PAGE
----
On March 16, from 13:30 to 16:30 I will be holding a seminar at the Friends House on Euston Road in London on how to build a healthy, high-performing workplace. 

Well-being at work is becoming an important health issue in the UK. In 2015/16 workplace stress and related factors such as anxiety and depression accounted for 37% of all work-related ill health and 45% of all working days lost. The main causes of stress were workload pressures, tight deadlines, too much responsibility and a lack of managerial support. These factors accounted for an estimated 13.5 million lost working days due to ill-health. A psycho-social working conditions survey indicated that around 13.6% of all working individuals think their job is very or extremely stressful. 

In this seminar, I will identify the primary causes of workplace stress and show how to measure the cultural health of an organization. My approach is holistic in nature.  I will explain how a failure to meet employees’ needs and desires at different stages of psychological development contribute to work place stress. This ground-breaking seminar draws on two of my recent books — The Values-Driven Organization and A New Psychology of Human Well-Being.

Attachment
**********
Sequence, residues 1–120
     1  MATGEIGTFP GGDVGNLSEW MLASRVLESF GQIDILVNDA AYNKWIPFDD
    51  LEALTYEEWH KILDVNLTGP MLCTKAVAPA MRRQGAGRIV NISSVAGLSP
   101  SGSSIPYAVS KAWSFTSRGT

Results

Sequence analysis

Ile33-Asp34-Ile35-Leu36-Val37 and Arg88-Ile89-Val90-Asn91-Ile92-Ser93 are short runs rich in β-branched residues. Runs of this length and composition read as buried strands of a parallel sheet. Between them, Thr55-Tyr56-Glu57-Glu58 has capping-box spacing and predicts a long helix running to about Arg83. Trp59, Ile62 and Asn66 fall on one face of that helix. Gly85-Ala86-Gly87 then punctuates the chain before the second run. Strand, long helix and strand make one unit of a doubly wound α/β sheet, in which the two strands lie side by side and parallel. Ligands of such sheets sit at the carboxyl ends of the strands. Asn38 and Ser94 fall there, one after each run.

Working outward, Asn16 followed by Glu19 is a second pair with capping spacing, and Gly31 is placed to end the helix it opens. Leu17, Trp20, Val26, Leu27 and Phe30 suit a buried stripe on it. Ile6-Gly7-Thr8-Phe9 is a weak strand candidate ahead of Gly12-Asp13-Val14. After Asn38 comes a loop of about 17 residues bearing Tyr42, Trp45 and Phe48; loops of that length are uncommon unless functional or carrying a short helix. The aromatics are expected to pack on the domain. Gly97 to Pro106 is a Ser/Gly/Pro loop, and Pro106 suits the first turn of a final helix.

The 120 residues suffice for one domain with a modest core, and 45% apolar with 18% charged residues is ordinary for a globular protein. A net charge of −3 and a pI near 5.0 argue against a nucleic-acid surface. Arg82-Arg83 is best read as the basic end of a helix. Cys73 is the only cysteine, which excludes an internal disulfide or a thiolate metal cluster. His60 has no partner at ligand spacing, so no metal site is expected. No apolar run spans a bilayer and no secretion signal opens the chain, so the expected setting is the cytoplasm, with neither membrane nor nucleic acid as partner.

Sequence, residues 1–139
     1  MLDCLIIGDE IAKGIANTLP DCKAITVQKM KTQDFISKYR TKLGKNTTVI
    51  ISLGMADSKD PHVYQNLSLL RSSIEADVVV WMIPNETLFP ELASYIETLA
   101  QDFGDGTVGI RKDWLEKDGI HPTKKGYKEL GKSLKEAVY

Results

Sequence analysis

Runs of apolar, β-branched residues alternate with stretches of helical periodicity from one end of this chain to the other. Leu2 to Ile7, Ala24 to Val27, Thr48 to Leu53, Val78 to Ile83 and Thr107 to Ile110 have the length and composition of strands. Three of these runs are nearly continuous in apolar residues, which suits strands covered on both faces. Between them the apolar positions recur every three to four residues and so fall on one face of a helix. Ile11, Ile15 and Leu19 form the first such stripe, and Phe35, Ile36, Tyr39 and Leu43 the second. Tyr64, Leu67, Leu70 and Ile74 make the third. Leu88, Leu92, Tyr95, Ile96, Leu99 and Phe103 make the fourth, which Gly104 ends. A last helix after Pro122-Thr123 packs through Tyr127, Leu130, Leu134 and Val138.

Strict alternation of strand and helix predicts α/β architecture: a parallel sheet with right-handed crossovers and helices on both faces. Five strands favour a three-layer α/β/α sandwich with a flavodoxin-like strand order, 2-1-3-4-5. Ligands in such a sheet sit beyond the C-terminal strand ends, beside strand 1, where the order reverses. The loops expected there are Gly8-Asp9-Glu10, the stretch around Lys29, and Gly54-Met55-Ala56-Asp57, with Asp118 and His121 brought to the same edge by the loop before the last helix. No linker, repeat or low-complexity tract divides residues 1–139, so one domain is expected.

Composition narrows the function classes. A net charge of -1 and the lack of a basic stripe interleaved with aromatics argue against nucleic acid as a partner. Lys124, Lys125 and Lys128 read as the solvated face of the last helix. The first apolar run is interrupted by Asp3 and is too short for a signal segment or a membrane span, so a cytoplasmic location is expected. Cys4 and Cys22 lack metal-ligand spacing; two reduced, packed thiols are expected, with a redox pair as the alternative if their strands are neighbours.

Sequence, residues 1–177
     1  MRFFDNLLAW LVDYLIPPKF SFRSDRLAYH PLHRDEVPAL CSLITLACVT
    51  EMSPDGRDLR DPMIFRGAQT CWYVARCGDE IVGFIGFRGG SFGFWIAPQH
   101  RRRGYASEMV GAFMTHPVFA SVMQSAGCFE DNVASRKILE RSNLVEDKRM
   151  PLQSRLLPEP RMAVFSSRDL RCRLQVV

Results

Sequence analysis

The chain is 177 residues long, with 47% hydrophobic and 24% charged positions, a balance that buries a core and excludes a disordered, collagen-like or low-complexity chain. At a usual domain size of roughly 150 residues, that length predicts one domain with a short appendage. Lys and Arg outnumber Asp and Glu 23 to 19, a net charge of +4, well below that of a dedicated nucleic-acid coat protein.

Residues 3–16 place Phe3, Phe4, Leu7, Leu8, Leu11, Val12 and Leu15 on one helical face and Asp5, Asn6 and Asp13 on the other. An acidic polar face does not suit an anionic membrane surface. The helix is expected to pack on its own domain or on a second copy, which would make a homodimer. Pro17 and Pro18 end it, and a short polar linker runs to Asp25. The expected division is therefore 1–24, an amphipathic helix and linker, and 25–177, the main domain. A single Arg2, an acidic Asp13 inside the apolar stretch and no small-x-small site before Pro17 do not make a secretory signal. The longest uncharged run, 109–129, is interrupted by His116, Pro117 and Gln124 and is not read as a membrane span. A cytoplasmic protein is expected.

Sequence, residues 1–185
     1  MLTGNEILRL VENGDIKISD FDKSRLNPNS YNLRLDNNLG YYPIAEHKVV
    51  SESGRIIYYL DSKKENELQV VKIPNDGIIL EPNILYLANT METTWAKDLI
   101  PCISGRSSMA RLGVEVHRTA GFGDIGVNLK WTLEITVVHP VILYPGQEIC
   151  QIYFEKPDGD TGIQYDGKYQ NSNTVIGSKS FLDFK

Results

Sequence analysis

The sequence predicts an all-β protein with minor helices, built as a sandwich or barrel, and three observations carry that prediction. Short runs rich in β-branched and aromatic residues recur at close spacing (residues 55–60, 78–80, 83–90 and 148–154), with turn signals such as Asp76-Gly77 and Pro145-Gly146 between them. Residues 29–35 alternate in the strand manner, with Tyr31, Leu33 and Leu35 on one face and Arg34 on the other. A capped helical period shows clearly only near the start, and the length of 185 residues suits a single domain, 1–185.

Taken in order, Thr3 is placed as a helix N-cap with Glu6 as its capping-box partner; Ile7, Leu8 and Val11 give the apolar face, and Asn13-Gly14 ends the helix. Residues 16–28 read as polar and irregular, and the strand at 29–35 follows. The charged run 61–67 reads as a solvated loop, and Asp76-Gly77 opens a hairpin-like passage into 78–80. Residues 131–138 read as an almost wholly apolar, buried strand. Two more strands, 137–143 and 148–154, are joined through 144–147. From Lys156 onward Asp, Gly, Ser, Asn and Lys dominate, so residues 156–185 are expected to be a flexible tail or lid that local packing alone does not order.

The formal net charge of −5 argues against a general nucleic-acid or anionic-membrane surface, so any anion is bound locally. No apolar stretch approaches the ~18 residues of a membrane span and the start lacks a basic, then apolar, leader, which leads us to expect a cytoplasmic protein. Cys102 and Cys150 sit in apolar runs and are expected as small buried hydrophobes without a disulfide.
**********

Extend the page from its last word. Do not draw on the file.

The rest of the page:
Click here to find out more and register.

You may also be interested in my upcoming workshop in Italy entitled From Well-Being to Flourishing. Click here to find out more.

Full spectrum flourishing


What is flourishing and how do you experience it?

I believe that flourishing begins when you have the courage to align your ego motivations with your soul’s motivations.

Your sense of flourishing expands when you master the first stage of soul activation—when you feel free to fully express your gifts and talents and find meaning and purpose in your life. Your sense of flourishing continues to expand as you learn to master the second stage of soul activation—when you can connect with others to make a difference.

You attain full flourishing when you learn to master the third stage of soul activation—when you contribute to the well-being of future generations, humanity, and the planet.

What prevents you from flourishing are the fears associated with the unmet needs you have from the ego stages of development. You have to overcome these fears if you want to flourish. For reasons beyond their control, most people on the planet never experience flourishing. They get locked into meeting their survival, safety and security needs.